What Are Dental Sealants?
Dental sealants are thin coatings made of mainly plastic, that are placed on the occlusal—chewing— the surface of the permanent molars and premolars (the back teeth).
The back teeth’s surfaces have fissures—or grooves—which can accumulate food debris and plaque. This will, in turn, make them vulnerable to decay or dental caries.
The sealant can quickly bond to these grooves, and so will protect the enamel of these molars from food particles, and plaque.
Why Do We Need Dental Sealants?
The grooves on the occlusal surfaces of the premolar and molar teeth can be quite difficult to clean properly, since they can be too narrow for a toothbrush’s single bristle, and can be difficult to reach.
As a result, plaque—a thin, sticky film of bacterial mass—can accumulate in these areas.
In turn, these bacteria will break down sugar in food particles, producing acids in the process. Acid is extremely detrimental to your tooth’s enamel (the outermost, hard surface), and will cause decay and cavities.
Dental sealant, as the name suggests, will ‘seal’ these fissures so plaque and bacteria can’t touch the tooth’s surface. A sealant is an effective procedure to prevent decay, and maintain the hygiene of these molars.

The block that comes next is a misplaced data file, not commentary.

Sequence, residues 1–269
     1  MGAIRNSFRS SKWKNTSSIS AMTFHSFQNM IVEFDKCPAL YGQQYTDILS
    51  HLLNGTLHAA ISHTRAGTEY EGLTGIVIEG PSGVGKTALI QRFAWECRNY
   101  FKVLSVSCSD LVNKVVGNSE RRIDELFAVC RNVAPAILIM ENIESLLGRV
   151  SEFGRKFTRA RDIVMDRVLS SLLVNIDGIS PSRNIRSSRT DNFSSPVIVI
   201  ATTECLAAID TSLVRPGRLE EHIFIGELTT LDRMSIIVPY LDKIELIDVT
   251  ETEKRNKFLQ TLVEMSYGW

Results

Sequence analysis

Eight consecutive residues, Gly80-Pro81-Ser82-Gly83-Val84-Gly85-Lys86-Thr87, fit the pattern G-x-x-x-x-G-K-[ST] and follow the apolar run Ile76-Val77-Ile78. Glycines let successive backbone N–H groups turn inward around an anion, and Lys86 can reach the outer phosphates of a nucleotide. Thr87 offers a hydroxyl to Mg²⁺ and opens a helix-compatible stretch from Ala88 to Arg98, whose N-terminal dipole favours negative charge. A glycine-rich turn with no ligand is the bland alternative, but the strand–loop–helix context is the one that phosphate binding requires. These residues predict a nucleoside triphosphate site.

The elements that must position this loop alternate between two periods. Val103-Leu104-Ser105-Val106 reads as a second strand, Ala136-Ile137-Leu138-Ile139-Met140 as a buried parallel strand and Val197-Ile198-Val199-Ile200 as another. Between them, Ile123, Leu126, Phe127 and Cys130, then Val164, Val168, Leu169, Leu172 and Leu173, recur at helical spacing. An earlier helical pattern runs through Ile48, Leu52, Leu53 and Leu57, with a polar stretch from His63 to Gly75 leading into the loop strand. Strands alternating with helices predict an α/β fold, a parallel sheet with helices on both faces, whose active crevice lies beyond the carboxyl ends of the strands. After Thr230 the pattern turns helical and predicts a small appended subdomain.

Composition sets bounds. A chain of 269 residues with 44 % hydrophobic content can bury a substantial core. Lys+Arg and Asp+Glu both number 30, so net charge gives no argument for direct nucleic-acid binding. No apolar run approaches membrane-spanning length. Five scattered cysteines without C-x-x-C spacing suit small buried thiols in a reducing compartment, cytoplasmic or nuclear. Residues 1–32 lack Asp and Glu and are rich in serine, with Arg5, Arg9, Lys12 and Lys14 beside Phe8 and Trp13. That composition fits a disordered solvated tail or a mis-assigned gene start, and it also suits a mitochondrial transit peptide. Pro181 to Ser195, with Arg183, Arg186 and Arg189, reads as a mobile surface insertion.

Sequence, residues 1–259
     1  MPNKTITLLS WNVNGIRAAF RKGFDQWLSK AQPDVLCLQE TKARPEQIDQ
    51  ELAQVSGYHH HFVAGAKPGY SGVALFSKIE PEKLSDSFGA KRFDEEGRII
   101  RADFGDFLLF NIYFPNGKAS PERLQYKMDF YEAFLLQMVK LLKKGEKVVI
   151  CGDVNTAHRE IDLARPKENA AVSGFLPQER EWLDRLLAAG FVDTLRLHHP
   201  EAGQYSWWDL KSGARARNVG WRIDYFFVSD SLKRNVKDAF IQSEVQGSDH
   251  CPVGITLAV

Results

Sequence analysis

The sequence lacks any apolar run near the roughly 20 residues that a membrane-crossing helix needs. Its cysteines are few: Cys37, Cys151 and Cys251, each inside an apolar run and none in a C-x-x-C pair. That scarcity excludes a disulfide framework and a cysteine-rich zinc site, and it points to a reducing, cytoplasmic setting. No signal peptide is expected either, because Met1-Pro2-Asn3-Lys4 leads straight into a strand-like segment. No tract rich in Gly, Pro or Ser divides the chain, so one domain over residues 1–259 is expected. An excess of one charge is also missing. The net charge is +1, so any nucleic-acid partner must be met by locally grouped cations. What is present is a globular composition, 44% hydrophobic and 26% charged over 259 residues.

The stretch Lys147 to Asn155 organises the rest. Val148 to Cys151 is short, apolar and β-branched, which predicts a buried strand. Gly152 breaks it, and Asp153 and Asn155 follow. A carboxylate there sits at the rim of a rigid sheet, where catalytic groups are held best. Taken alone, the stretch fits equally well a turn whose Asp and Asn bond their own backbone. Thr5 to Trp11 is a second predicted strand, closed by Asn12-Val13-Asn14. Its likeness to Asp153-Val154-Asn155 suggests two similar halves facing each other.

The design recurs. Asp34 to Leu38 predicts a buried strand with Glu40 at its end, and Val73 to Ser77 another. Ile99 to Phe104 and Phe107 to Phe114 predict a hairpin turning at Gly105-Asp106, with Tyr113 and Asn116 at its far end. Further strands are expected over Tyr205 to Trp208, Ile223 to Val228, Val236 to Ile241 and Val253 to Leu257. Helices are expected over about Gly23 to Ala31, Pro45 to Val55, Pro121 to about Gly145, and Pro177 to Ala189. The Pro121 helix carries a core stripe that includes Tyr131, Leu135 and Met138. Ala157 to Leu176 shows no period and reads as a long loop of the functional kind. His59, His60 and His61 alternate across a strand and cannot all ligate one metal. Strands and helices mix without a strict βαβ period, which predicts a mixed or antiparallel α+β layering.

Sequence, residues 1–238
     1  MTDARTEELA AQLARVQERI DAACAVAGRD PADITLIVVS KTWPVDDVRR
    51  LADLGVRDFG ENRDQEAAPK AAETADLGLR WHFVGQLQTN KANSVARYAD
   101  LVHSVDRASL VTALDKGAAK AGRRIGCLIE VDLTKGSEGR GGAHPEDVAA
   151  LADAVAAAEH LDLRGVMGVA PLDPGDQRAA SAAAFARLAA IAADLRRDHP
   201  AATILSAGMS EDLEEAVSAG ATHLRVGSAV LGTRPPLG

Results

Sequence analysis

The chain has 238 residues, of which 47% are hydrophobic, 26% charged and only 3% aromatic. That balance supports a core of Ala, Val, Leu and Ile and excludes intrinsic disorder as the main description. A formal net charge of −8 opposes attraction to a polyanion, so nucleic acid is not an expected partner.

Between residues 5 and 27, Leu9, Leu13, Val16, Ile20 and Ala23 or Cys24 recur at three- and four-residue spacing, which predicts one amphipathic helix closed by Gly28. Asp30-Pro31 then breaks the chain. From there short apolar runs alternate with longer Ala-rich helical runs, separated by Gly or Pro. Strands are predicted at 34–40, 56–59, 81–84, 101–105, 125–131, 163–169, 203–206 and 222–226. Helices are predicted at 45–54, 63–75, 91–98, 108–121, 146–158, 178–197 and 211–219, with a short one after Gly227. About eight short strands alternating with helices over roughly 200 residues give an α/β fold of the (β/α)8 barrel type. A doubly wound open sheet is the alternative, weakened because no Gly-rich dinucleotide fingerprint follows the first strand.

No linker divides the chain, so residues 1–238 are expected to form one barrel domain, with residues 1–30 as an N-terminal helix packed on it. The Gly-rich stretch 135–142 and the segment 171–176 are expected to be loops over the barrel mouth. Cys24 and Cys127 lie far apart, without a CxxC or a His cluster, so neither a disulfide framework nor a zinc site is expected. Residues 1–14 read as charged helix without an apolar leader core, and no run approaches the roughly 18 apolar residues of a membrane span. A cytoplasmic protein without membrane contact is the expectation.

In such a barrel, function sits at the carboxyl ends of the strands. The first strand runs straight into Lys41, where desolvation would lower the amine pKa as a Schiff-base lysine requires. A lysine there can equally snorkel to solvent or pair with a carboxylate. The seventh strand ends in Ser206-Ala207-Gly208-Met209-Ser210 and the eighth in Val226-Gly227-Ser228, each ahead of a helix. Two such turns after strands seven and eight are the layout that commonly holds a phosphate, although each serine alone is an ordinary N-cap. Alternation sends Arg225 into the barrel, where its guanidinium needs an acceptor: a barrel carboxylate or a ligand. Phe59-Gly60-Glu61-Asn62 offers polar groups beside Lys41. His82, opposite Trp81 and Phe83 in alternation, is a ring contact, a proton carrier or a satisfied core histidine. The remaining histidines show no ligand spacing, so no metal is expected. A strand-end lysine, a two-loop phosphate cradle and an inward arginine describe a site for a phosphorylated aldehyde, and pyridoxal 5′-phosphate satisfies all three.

Different Types of Tooth Sealants
Dental sealants can be categorized into two different categories based on material:
- Glass ionomer
Glass ionomer sealants will undergo an acid-base reaction as they bond with the teeth’ surfaces. It has a relatively low tensile strength, and relatively stiffer. However, glass ionomer sealants will produce higher fluoride release and shrink less during setting.
- Composite Resin
Composite resin tooth sealants don’t use acid-base bonding method, but will rely on polymerization reaction—usually triggered with a UV light—. Produce less fluoride release, but offer higher tensile strength. Less likely to desiccate compared to glass ionomer.
Also, there are hybrid types combining the two: resin-modified glass ionomers, and polyacid-modified resins. They will utilize both acid reaction and polymerization for the bonding processes.
How Will Tooth Sealants Look?
Dental sealants are generally transparent, retaining your teeth’s natural looks and color. Glass ionomer sealants are completely clear/transparent, and composite resin sealants produce a slight white tint, but still mostly transparent.
Who Should Get Dental Sealants?
Sealants ideally should be placed before the back teeth—premolars and molars— developed any decay, when they are in their prime conditions.
So, the most suitable candidates to get dental sealants are children—as soon as their permanent back teeth erupt— and teenagers. This is also considering the fact that age 6 to 14 tend to be the riskiest in developing dental cavities.
So, it’s very common for children to get the very first sealant on the grooves of the first permanent premolar or a molar tooth that erupted. As more of the back teeth erupt until around 12 or 13 years of age (excepting the wisdom teeth), more sealants will be placed.